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“The health of the planet and the health of the people are one” – Vandana Shiva, Navdanya International

The current health crisis has roots in the same system that has contributed to the ecological crisis“, commented Vandana Shiva, President of Navdanya International, at the end of two days of discussion and the drafting of the manifesto on “Food for Health”, for which experts from around the world met in Florence, in continuation of the work of the International Commission on the Future of Food and Agriculture. The ecologist and Indian scientist continued by pointing the finger at the industrial agriculture model: “Desertification, climate change, biodiversity loss, water pollution. 75% of today’s ecological problems and new epidemics are related to agrotoxics and fossil fuel agriculture”. Dr Shiva also talked about the issue of integrating systems:”It is important to find alternatives, which are useful for both the planet and the people. “The health of the planet and the health of the people are one. Alternatives do exist and are based on regenerating health of the earth through agro-ecology, conservation of biodiversity, promotion of local economies and food systems “from field to table”. Health, starting with the soil, to plants, animals and humans must be the organizing principle and the aim of agriculture, commerce,  science, of our lives and of international trade.”

This statement was made at the conclusion of the meeting, which saw the collective work of international specialists, which ended on May 16 at a public event in Piazza SS. Annunziata 1, Florence. The Manifesto, which once developed will be disseminated to farmers and citizens, governments and stakeholders around the world, aims at highlighting the inseparable link between food and health, developing comprehensive strategies to overcome the model of industrial agriculture, encouraging the convergence and action of the movement for Agroecology and Public Health movements to reach a common vision of sustainable development, which must be equitable and inclusive.

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The conference was introduced by Caroline Lockhart, vice president of Navdanya International, who reviewed the steps that led to the establishment of the International Commission for the Future of Food and Agriculture and the drafting of the Food for Health Manifesto. “Since the time  the International Commission on the Future of Food and Agriculture was created, here in Florence, the Commission, through its Manifestos and publications, with Navdanya International, have focused on promoting a new agricultural and economic paradigm, and the belief that solutions to the multiple crises facing humanity today can come from a determined shift away from the present profit and competitive-based  paradigm  to a model that has at its keystone the protection of the earth and environment and respect of the rights and dignity of people. Our times require  adaptation, resilience and critical thinking, and the defence of our democracies and common goods for a brighter and more equitable future for all.”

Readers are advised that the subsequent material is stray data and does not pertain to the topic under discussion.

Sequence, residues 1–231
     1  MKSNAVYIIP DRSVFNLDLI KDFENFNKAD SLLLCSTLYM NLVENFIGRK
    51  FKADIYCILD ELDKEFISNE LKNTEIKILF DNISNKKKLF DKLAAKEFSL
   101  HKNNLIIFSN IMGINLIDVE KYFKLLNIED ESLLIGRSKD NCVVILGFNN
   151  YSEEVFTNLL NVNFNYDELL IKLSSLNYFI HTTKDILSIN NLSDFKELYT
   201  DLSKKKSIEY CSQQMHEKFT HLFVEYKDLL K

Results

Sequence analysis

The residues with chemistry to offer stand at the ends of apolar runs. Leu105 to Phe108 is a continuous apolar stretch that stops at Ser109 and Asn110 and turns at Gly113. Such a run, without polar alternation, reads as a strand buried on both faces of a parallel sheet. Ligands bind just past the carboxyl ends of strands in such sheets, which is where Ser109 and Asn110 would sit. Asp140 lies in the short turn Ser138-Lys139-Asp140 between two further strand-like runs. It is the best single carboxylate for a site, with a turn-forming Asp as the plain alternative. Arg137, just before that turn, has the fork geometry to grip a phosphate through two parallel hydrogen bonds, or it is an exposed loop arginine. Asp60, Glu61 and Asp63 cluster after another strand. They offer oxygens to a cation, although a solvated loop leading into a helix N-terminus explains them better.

Experts of the international group gave testimony of their contribution to the drafting of the Manifesto. Hilal Elver, UN Special Rapporteur on the Right to Food, denounced the toxicity of the industrial production system: “It is crucial to achieve real access to the procedures by which decisi ons are made at the institutional level. Are all studies and assessments perhaps related in some way to corporate interest or are they truly independent? It’s a myth that the use of agrochemicals, a market worth some $ 50 billion/year and growing, is necessary to feed the world’s population.” A concept reiterated by Nadia El-Hage, former Environment and Climate Division at FAO: “We need an ecological approach to food and nutrition. We need to promote awareness of the damages caused by the use of chemicals in agriculture “. Also Patrizia Gentilini, oncologist and hematologist, member of ISDE Scientific Committee – International Society of Doctors for the Environment, spoke about the damage suffered by citizens and the environment: “The problem of pesticides is a public health problem. Especially children’s health is at stake. We are seeing an increase in cases of childhood cancers. According to a survey of the International Agency for Research on Cancer (IARC), global numbers have increased from 124 cases per million in children between 0 and 14 years of age in 1980 to 140 cases in 2010. Security levels related to pesticides have been proven totally unreliable, while an economic damage of 194 billion Euro / year is estimated in Europe alone. It has now been demonstrated how an agriculture model that respects and cooperates with nature is the best form of food production, both from the point of view of the quality of food, and of the environmental impact. And that’s why it’s critical that organic farming becomes the only form of food production.” About the problem of pesticides in our food and the need for higher guarantees for health in our diet, spoke Renata Alleva, Specialist in the Science of Nutritition, Department of Biomedical and Neuromotor Science, University of Bologna, member of ISDE Scientific Committee – International Society of Doctors for the Environment,: “Numerous studies have shown that contaminated food exposes us and puts us at risk of developing various diseases. It’s therefore important to promote organic food consumption, which in any case contains less pesticides and, as studies have shown, is richer in polyphenol and antioxidants, on average 20-60% more. If we begin to ask for clean food, and if we startnow, we can be very powerful, and achieve our goals, because we are many more in number than the corporations that poison our food.” One of the objectives of the Manifesto is to raise more awareness on the harm to human health caused by the use of synthetic chemicals in agriculture. As highlighted by Sergio Bernasconi, Professor of Paediatrics at the University of Parma:”The knowledge on endocrine disruptors must come out from academic circles and specialized areas. The current model of food production forces us to nourish ourselves with food that is  dangerous to our health. ” Another important aspect has been analyzed by Mira Shiva, Medical Doctor, Director of the Initiative for Health and Equity in Society – India: “The indiscriminate use of antibiotics in factory farms, which end up in the food chain, causes higher resistance to medicines used by people to treat diseases. There is conflict of interest at different levels. We must overcome the idea that food is a commodity and that citizens are only consumers.”